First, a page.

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Jets Over Kentucky soars

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By Zack Penalva

Air traffic at the Springfield-Lebanon airport is at an all-time high, but not in the way you might expect. The annual Jets Over Kentucky event held at the airport is in its 14th year and has seen massive growth from its modest beginnings.

This year, over 150 pilots have set up camp at the airport. Some have come from across the United States and others from around the world.

“Jets Over Kentucky is pretty much the biggest jet rally that we have in the United States and is considered by all the premier event,” said Dominic Cognata a Rochester, New York native who traveled down to Kentucky with a group of model jet enthusiasts from his area.

Cognata flew a bright yellow sport jet, a type of plane designed for high-performance flying.

“It can mean top speed, it can mean slow handling; there are no compromises.”

Cognata’s plane and many others are capable of flying at speeds of 200 miles per hour. They do this while also sharing the airspace with sometimes as many as six other aircraft.

“The first flight of the day is usually a little more nerve-wracking than the others,” said Joshua Clark, a 13-year-old pilot from Montana who attended the event with his family. It was his first time flying at the Kentucky meet. “After you get one flight in, it settles down and gets a lot more relaxing.”

“Usually when we go up, there’s only one airplane,” said Joshua’s father, Addison Clark. “Then you come here to Kentucky, and there are seven or eight turbines up there going 200 miles per hour. It’s like driving a car back home and driving a car in the Daytona 500.”

With each plane representing a significant investment of money and time, that first flight at a meet can be a nervy experience for even the most veteran of pilots.

“I have about 400 hours into assembling this plane,” Cognata said. “It still is [nerve-wracking]…You come to a big event like this and I can’t wait to get that first ‘icebreaker’ flight in…Everything we do is really visual. You want to know what your landmarks are and what obstacles you might have to encounter.”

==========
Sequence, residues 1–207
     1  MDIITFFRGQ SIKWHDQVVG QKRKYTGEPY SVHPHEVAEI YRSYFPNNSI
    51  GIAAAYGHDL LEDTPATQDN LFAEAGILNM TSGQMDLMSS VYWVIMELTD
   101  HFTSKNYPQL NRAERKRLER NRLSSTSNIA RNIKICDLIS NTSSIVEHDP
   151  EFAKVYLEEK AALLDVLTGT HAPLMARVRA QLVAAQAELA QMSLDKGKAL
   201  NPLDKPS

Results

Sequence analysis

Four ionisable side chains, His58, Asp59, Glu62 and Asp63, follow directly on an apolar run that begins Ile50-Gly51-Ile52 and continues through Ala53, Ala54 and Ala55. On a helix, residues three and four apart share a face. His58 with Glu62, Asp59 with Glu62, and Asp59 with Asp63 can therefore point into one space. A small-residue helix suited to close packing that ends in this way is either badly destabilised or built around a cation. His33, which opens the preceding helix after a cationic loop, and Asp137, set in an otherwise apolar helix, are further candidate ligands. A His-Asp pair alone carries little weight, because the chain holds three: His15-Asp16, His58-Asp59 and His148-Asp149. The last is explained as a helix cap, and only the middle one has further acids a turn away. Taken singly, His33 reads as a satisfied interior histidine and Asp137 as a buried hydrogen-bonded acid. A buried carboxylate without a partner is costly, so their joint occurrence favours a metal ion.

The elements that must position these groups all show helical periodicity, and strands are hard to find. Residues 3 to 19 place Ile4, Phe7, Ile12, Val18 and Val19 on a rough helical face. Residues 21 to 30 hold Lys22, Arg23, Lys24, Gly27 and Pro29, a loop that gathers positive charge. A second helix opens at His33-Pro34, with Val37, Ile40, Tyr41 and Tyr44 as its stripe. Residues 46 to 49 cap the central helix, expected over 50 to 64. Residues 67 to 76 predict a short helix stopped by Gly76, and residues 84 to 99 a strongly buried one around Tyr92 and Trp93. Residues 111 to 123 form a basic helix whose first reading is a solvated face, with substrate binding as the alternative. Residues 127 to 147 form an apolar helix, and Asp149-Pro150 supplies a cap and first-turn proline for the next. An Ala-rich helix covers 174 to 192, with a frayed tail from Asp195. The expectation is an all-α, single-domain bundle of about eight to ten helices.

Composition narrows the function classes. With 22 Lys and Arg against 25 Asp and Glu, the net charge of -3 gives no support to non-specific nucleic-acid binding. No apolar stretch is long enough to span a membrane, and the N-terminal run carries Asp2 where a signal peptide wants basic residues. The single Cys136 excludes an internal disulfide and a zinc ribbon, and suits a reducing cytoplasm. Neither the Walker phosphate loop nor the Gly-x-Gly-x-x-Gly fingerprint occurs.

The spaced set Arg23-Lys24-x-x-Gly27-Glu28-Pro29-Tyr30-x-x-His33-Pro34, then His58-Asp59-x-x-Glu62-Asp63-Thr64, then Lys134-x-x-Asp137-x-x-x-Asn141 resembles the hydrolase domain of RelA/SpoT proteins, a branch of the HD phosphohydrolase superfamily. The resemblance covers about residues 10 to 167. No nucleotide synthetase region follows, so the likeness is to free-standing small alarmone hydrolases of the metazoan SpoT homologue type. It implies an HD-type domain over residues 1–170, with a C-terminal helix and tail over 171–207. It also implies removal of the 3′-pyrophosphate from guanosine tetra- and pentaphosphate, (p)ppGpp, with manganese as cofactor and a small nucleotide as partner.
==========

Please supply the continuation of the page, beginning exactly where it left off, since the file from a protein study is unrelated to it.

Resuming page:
One man that knows plenty about the commitment it takes to building the perfect jet is Lance Campbell. Campbell, who lives in Missouri, spent over nine years building a 1/8th scale replica of a SR-71 “Blackbird.” Campbell has been a long-time model plane hobbyist and has attended Jets Over Kentucky its inception.

His finished Blackbird is 13-feet long, weighs 86 pounds when filled with fuel and can reach a top speed of around 170 miles per hour. During that time, it burns about two gallons of jet fuel in eight minutes.

“It’s not terribly fuel efficient, but that’s not the point,” he said laughing.

The event’s coordinator, Lewis Patton said that the meet is mostly exhibition-based, but that a panel of judges will present awards in 30 different categories at the end of the week for things such as best flight and best scale-model.

“The words has gotten around that Lebanon, Kentucky is the place to be,” Patton said. “The influence has spread and it’s been of great benefit to us…The German team [from Powerbox Manufacturing] is well renowned and I’ve always hoped that they would come here. It’s going to be a treat to see, those guys do something special.”

Flights are taking place every day through July 15 from 8 a.m. to 9:30 p.m.